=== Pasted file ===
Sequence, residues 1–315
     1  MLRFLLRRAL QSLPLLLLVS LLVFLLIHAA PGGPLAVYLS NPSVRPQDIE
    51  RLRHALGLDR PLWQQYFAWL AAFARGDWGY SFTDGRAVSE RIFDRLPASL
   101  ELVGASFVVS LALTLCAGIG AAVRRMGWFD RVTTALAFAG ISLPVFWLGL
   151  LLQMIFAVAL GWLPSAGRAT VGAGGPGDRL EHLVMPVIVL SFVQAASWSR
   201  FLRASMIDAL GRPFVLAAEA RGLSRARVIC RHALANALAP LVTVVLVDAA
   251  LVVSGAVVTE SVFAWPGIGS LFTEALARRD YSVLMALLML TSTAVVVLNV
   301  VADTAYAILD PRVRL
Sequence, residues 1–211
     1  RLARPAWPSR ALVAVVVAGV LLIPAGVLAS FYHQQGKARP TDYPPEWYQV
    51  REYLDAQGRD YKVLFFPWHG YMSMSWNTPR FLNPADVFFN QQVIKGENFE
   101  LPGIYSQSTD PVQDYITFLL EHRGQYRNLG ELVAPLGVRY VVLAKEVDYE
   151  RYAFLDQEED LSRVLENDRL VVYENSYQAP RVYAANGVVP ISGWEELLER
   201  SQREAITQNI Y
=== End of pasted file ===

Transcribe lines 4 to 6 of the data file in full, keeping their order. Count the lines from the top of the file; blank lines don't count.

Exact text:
   101  ELVGASFVVS LALTLCAGIG AAVRRMGWFD RVTTALAFAG ISLPVFWLGL
   151  LLQMIFAVAL GWLPSAGRAT VGAGGPGDRL EHLVMPVIVL SFVQAASWSR
   201  FLRASMIDAL GRPFVLAAEA RGLSRARVIC RHALANALAP LVTVVLVDAA